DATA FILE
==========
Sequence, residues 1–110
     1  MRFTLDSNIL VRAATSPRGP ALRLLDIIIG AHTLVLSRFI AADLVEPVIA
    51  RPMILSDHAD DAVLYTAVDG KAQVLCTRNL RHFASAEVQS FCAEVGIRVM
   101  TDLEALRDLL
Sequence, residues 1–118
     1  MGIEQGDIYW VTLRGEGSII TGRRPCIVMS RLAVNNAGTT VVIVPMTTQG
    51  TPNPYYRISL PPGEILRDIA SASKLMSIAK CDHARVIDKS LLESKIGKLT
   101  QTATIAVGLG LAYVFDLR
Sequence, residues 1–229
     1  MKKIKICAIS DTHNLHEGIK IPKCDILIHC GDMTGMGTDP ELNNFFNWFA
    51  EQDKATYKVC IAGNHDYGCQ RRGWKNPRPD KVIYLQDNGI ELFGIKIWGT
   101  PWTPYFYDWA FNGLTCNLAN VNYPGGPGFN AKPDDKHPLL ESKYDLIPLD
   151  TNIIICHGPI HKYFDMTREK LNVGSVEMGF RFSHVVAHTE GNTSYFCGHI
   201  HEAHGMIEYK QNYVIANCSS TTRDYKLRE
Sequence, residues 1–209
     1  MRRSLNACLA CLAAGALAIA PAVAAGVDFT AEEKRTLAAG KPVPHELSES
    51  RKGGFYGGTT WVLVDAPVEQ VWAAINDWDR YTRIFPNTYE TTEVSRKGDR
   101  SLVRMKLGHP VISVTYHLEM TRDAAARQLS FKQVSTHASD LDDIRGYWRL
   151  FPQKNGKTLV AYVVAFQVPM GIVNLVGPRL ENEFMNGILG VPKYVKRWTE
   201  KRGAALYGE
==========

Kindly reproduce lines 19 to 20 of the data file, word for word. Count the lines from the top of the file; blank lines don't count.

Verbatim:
   151  FPQKNGKTLV AYVVAFQVPM GIVNLVGPRL ENEFMNGILG VPKYVKRWTE
   201  KRGAALYGE